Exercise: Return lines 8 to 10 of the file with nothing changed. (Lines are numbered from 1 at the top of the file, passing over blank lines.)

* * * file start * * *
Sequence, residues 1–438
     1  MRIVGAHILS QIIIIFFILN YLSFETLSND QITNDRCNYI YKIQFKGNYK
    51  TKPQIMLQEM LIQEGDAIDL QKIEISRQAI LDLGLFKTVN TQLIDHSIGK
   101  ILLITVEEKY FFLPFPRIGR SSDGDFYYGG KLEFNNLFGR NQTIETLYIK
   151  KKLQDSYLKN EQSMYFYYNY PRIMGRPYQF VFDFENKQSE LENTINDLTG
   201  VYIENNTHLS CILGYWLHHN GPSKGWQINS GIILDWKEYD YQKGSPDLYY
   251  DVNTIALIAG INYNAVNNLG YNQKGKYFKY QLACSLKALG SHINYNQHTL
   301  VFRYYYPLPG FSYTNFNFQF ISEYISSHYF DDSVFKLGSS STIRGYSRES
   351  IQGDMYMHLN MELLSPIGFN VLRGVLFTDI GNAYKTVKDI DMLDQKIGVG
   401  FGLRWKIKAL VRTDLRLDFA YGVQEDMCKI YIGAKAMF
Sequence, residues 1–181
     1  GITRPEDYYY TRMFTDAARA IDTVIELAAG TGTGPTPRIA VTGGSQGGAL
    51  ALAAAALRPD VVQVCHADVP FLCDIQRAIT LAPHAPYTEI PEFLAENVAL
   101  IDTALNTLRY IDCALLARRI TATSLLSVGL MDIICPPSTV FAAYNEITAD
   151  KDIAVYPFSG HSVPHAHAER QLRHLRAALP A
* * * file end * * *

   301  VFRYYYPLPG FSYTNFNFQF ISEYISSHYF DDSVFKLGSS STIRGYSRES
   351  IQGDMYMHLN MELLSPIGFN VLRGVLFTDI GNAYKTVKDI DMLDQKIGVG
   401  FGLRWKIKAL VRTDLRLDFA YGVQEDMCKI YIGAKAMF